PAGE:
(The following is a guest post by the University of San Francisco, in partnership with University Alliance. The University of San Francisco offers higher education opportunities through online master’s certificates, including supply chain management and sustainable supply chain management. To see additional information please visit http://www.usanfranonline.com.)
Over the course of its forty-year history, Starbucks has evolved into a company that aspires to be known as much for their commitment to social responsibility as they are for the quality of their coffee. This year marks the tenth year that Starbucks has publicly reported on the progress of their responsible business practices. What began with simple initiatives, like promoting the use of recyclable cups, now extends well beyond that.
So where is Starbucks today? The company has launched several sustainability-driven initiatives, which revolve around the following four areas:
Recycling and reusable cups
Coffee purchasing and farmer support
Energy and water conservation
Recycling and Reusable Cups
For many Starbucks customers, the white cup with green logo is an iconic part of the Starbucks experience – but is not seen as environmentally friendly. Through the use of in-store recycling, post consumer fiber (PCF) materials use in their packaging, and discounts for customers who use travel cups, Starbucks has worked to reduce the environmental impact of their disposable cups. They have also strongly advocated for improved recycling infrastructures internally- with a goal to develop comprehensive recycling solutions for paper and plastic cups by 2012 – and through industry trade group associations.
As part of their goal to make 100 percent of their packaging reusable or recyclable by 2015, Starbucks sponsored the Betacup Challenge in 2009 and again in 2010 – a design contest held to address the massive amount of coffee cup waste generated annually.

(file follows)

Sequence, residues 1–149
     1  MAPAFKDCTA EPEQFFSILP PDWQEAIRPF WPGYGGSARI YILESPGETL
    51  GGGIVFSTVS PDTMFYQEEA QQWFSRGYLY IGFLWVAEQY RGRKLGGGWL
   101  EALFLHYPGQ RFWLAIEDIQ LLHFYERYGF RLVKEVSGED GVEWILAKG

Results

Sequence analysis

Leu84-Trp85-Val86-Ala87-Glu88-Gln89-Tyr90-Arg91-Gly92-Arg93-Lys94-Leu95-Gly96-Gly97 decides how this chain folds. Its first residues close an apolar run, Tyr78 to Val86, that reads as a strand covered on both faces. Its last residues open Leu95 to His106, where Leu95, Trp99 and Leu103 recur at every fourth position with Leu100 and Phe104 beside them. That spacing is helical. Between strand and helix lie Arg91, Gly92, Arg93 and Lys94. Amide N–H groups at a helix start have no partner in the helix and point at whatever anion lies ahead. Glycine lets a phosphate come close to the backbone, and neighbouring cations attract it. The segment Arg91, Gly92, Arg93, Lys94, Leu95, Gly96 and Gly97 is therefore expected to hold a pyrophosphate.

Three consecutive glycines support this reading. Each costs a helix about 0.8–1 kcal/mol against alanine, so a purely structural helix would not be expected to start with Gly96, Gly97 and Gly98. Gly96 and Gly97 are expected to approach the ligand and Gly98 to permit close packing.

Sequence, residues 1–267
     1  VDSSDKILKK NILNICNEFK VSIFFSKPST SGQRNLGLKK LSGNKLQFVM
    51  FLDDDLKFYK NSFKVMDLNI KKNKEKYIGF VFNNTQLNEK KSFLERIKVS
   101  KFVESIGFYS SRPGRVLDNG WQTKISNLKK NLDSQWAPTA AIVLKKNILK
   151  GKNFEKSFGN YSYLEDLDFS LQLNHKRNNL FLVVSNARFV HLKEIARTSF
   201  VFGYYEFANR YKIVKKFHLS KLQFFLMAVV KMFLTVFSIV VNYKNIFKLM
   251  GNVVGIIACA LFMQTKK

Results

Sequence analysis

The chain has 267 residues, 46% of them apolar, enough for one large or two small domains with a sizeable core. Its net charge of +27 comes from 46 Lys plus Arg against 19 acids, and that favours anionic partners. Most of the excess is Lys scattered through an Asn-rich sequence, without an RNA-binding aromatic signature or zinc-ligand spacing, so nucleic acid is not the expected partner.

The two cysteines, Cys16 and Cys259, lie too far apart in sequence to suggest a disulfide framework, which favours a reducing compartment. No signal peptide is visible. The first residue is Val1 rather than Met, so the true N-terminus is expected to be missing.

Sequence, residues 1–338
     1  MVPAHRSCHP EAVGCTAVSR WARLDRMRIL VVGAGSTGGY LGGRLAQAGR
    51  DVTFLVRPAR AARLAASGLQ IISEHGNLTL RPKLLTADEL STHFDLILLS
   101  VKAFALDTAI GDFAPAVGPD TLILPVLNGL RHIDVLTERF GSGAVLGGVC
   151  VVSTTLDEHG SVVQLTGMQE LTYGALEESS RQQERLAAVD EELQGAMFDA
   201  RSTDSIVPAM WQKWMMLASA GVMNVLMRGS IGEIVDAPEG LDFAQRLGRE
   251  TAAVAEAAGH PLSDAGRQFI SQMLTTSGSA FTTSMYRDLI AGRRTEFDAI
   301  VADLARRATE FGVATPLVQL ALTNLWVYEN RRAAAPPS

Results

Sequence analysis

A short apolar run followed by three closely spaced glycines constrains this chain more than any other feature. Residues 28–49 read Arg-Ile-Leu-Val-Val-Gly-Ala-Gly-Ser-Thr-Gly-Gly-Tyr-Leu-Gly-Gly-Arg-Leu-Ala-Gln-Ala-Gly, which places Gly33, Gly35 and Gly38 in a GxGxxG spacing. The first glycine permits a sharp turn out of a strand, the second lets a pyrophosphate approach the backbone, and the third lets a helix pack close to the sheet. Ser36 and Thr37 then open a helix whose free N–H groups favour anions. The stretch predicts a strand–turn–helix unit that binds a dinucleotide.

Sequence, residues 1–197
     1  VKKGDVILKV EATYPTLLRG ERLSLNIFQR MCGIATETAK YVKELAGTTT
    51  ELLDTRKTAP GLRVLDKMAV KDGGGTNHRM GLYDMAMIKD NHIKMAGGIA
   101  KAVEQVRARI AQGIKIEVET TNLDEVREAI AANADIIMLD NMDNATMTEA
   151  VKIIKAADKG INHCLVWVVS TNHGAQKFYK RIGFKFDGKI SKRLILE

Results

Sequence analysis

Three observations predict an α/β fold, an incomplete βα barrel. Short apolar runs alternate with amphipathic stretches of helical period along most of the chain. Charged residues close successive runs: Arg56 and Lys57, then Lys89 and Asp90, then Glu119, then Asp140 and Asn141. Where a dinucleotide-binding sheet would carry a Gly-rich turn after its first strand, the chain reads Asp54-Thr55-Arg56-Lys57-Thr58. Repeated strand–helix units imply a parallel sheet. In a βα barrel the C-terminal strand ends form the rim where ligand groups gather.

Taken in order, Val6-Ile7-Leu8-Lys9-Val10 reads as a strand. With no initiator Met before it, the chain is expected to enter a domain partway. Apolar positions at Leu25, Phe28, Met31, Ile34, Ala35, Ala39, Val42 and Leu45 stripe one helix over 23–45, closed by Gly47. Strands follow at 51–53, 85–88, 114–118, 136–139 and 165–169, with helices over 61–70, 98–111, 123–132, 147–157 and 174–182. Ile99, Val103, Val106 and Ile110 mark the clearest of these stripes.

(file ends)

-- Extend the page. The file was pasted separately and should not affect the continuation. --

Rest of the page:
Starbucks is successful for more than just its work in the disposable paper coffee cup arena. The firm also prioritizes its involvement in communities where its stores are located, where its employees live, and where it finds its coffee beans. Starbucks seeks to develop that same environmental and community awareness in its employees, (known within Starbucks as partners). Currently, Starbucks’ goal is to mobilize employees and customers to contribute one million hours of community service per year by 2015. The business is especially dedicated toward encouraging young people to drive positive change in their communities through Starbucks Youth Action Grants and The Starbucks Foundation, a separate 501(c)(3) charitable organization.
Coffee Purchasing and Farmer Support
Starbucks is committed to buying and serving coffee that is responsibly grown and ethically traded, and ensures it does by following a comprehensive set of social and environmental guidelines. These guidelines include supporting Fair Trade farmer cooperatives, promoting environmental stewardship and economic stability in the coffee industry, supporting conservation efforts with forest carbon programs, and assisting small farmers with loans.
Green Buildings and Energy and Water conservation
Starbucks opened its first LEED®-certified store in Hillsboro, Oregon, in 2005 and plans to have all new, company-owned stores built to achieve LEED® certification by 2011. Inside LEED® stores, customers will find reused and recycled elements, like cabinetry made from 90% post-industrial material and paints with lower amounts of volatile organic chemicals.
LEED®-certified stores also have features that conserve water and energy, including:
Efficient LED lighting, rather than incandescent and halogen lighting
Remote monitoring of heating, ventilation and air conditioning equipment to ensure efficient energy use
High-blast nozzles to clean pitchers instead of running tap water continuously
Low-flow valves throughout the store to conserve water
Starbucks as a Role Model for Other Businesses
In many ways, Starbucks has set a standard for sustainable business practices. The most daunting task in establishing a sustainable business is finding the right balance between cost and carbon footprint. Through their support of research and development, activism, and charitable contributions, Starbucks continues to drive positive changes that support environmental awareness and sustainability. They have achieved true harmony by decreasing both operating costs and environmental impact. Their innovative efforts inspire and enable other businesses to have a positive impact on the communities in which they operate.